8. Quantum Circuit Synthesis using a New Quantum Logic Gate Library of NCV Quantum Gates

    NASA Astrophysics Data System (ADS)

    Li, Zhiqiang; Chen, Sai; Song, Xiaoyu; Perkowski, Marek; Chen, Hanwu; Zhu, Wei

    2016-12-01

    Since Controlled-Square-Root-of-NOT (CV, CV‡) gates are not permutative quantum gates, many existing methods cannot effectively synthesize optimal 3-qubit circuits directly using the NOT, CNOT, Controlled-Square-Root-of-NOT quantum gate library (NCV), and the key of effective methods is the mapping of NCV gates to four-valued quantum gates. Firstly, we use NCV gates to create the new quantum logic gate library, which can be directly used to get the solutions with smaller quantum costs efficiently. Further, we present a novel generic method which quickly and directly constructs this new optimal quantum logic gate library using CNOT and Controlled-Square-Root-of-NOT gates. Finally, we present several encouraging experiments using these new permutative gates, and give a careful analysis of the method, which introduces a new idea to quantum circuit synthesis.

  9. Optimization of side gate length and side gate voltage for sub-100-nm double-gate MOSFET

    NASA Astrophysics Data System (ADS)

    Kim, Jae-hong; Kim, Geun-ho; Ko, Suk-woong; Jung, Hak-kee

    2002-11-01

    In this paper, we have investigated double gate (DG) MOSFET structure, which has main gate (MG) and two side gates (SG). We know that optimum side gate voltage for each side gate length is about 2V in the main gate 50nm. Also, we know that optimum side gate length for each main gate length is 70nm above. DG MOSFET shows a small threshold voltage (Vth) roll-off. From the I-V characteristics, we obtained IDsat=510μA/μm at VMG=VDS=1.5V and VSG=3.0V for DG MOSFET with the main gate length of 50nm and the side gate length of 70nm. The subthreshold slope is 86mV/decade, transconductance is 111μA/V and DIBL (Drain Induced Barrier Lowering) is 51.3mV. Then, we have investigated the advantage of this structure for the application to multi-input NAND gate logic. Also, we have presented that TCAD simulator is suitable for device simulation.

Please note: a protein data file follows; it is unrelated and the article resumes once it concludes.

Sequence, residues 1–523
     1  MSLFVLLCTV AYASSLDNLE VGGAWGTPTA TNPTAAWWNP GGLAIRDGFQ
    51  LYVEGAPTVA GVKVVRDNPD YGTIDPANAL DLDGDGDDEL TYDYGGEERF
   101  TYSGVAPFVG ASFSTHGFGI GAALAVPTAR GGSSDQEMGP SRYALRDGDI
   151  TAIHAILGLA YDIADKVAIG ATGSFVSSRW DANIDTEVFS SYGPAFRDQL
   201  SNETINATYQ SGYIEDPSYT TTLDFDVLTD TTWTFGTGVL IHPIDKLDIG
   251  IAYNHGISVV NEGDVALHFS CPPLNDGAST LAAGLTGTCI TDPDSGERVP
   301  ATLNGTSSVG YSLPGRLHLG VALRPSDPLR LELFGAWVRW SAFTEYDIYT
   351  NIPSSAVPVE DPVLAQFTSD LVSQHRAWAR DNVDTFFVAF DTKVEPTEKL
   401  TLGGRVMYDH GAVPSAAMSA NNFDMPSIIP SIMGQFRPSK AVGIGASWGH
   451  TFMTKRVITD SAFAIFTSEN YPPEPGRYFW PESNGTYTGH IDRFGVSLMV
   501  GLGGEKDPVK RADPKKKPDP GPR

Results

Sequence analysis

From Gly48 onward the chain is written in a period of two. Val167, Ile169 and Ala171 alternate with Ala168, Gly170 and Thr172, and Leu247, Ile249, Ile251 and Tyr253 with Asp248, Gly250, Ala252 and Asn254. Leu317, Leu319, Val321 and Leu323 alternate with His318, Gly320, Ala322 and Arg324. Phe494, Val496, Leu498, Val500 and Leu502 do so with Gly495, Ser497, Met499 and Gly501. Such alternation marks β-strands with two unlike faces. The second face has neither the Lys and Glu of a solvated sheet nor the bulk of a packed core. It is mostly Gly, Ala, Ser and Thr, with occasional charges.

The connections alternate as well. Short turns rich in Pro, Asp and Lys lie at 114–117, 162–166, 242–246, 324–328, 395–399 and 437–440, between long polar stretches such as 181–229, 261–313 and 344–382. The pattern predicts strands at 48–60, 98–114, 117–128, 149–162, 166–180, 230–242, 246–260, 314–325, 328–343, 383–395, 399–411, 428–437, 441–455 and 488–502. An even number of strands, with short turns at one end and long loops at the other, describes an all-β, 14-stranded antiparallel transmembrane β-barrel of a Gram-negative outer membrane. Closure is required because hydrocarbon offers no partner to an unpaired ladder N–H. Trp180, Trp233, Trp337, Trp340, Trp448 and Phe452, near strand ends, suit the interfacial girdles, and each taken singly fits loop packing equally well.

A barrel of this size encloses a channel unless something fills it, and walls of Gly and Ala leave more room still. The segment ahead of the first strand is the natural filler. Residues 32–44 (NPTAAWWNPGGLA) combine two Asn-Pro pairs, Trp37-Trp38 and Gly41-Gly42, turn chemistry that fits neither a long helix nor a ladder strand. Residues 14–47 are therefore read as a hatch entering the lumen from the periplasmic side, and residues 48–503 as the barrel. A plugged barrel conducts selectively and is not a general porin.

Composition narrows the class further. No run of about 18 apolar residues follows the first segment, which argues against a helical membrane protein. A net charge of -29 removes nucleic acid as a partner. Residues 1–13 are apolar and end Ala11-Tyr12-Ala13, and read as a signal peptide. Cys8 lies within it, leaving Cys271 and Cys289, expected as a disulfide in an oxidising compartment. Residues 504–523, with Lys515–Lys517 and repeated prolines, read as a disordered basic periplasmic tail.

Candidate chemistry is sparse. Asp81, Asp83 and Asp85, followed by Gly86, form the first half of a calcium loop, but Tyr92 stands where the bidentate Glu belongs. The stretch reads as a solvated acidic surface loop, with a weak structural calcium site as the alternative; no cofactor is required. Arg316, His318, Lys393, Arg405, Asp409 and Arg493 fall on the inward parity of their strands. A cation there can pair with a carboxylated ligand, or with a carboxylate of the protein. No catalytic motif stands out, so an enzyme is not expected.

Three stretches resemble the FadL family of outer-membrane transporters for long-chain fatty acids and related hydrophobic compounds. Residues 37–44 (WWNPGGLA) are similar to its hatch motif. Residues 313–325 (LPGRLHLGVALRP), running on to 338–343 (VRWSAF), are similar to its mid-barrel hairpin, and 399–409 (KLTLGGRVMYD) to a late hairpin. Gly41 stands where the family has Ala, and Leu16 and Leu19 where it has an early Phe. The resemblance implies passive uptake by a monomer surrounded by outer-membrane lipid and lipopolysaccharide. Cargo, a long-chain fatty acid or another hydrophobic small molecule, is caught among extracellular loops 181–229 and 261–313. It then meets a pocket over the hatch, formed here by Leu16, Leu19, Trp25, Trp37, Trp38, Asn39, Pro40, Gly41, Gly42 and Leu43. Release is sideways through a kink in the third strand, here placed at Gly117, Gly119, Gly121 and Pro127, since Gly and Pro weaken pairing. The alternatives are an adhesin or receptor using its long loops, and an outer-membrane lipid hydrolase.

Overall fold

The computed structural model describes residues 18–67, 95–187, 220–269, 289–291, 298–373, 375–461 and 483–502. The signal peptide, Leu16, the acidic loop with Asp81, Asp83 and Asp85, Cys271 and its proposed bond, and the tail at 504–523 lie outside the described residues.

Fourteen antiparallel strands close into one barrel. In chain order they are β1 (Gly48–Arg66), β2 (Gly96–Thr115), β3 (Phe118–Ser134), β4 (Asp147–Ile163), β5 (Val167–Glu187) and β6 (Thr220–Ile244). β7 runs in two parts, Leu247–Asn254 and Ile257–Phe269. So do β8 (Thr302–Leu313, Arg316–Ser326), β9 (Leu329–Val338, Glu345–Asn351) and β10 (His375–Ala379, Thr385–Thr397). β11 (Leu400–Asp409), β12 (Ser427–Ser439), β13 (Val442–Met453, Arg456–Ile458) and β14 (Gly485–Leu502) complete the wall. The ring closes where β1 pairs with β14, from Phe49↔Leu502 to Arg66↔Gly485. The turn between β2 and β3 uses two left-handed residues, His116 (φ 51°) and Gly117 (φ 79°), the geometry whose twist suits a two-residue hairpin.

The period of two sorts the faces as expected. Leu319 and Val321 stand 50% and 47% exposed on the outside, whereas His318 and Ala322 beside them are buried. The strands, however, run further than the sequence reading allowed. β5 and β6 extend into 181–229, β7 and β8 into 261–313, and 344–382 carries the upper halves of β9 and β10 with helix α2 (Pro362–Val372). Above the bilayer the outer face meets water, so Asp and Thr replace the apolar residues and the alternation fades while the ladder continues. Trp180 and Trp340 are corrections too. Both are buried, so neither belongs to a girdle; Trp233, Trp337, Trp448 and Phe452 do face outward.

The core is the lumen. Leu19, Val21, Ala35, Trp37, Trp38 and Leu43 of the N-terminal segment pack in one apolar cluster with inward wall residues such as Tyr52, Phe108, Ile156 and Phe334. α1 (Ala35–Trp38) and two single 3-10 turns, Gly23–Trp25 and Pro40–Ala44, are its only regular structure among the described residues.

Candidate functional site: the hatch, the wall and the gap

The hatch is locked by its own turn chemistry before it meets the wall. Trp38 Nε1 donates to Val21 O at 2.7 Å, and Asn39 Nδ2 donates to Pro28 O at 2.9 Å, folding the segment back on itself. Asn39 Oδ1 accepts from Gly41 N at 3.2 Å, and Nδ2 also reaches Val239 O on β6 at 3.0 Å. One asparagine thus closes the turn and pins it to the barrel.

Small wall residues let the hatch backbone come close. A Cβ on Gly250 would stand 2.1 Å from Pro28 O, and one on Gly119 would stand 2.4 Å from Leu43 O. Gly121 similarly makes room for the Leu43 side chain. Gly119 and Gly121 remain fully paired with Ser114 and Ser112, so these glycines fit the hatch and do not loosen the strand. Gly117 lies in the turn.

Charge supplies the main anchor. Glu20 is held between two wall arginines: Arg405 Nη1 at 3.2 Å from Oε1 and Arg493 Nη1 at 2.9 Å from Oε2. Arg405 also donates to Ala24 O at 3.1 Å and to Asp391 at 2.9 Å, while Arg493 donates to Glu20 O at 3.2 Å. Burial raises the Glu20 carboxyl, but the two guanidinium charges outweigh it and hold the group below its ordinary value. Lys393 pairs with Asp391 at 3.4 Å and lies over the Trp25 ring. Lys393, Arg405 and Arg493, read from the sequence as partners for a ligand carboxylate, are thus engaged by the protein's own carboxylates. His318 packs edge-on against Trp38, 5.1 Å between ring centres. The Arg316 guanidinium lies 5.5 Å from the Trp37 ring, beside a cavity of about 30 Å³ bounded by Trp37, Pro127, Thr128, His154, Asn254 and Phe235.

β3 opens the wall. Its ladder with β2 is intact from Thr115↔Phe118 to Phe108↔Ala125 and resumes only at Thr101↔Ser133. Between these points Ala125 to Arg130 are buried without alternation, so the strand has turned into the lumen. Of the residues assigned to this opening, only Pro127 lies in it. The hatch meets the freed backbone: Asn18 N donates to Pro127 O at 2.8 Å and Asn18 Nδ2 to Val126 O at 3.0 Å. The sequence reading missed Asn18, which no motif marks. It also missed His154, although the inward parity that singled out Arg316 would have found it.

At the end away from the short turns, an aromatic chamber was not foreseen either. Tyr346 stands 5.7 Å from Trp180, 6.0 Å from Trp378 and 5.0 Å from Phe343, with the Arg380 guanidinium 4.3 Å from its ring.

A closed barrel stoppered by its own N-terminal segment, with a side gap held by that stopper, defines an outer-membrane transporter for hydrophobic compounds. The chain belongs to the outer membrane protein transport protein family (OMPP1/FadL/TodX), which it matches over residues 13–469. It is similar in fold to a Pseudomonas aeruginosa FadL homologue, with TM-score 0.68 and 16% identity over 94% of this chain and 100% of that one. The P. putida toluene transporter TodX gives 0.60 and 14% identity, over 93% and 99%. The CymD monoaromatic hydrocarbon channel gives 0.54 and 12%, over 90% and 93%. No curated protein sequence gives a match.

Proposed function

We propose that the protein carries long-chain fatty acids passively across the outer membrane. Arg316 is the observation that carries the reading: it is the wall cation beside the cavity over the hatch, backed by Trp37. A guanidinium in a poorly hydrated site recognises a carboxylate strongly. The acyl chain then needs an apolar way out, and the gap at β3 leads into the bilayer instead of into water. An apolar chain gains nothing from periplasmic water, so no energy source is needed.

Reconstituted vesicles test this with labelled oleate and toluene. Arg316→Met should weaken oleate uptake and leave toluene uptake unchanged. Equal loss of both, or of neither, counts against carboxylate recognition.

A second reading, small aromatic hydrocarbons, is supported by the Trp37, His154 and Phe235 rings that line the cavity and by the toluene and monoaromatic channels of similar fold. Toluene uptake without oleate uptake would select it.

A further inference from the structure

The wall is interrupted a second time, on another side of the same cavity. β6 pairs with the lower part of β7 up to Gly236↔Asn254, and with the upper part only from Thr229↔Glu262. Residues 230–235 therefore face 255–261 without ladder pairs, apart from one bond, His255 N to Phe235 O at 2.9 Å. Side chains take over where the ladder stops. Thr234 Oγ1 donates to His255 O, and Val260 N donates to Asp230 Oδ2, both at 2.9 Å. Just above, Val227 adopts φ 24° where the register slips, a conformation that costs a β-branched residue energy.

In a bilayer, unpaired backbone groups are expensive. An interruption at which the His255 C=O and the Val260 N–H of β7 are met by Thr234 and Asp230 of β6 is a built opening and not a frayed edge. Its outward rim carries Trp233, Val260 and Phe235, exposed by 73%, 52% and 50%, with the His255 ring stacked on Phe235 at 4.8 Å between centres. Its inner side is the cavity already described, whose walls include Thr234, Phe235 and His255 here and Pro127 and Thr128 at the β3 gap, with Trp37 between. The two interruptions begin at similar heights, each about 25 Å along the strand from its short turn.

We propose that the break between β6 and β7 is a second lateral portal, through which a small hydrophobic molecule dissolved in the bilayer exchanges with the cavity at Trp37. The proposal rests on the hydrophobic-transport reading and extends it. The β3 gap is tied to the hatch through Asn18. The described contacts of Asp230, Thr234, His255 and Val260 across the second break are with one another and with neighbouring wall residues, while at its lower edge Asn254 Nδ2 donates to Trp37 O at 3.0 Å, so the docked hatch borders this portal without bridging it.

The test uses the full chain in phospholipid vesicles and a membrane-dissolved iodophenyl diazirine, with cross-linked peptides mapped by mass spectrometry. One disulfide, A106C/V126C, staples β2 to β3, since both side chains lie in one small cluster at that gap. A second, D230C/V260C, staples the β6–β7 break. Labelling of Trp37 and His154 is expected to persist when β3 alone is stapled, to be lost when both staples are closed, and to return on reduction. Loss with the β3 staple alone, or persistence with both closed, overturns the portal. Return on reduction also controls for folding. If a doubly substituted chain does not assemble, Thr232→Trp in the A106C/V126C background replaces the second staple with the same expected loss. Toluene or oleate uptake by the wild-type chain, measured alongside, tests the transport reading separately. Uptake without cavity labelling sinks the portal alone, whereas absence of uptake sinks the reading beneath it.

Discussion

10. Environmental noise reduction for holonomic quantum gates

    SciTech Connect

    Parodi, Daniele; Zanghi, Nino; Sassetti, Maura; Solinas, Paolo

    2007-07-15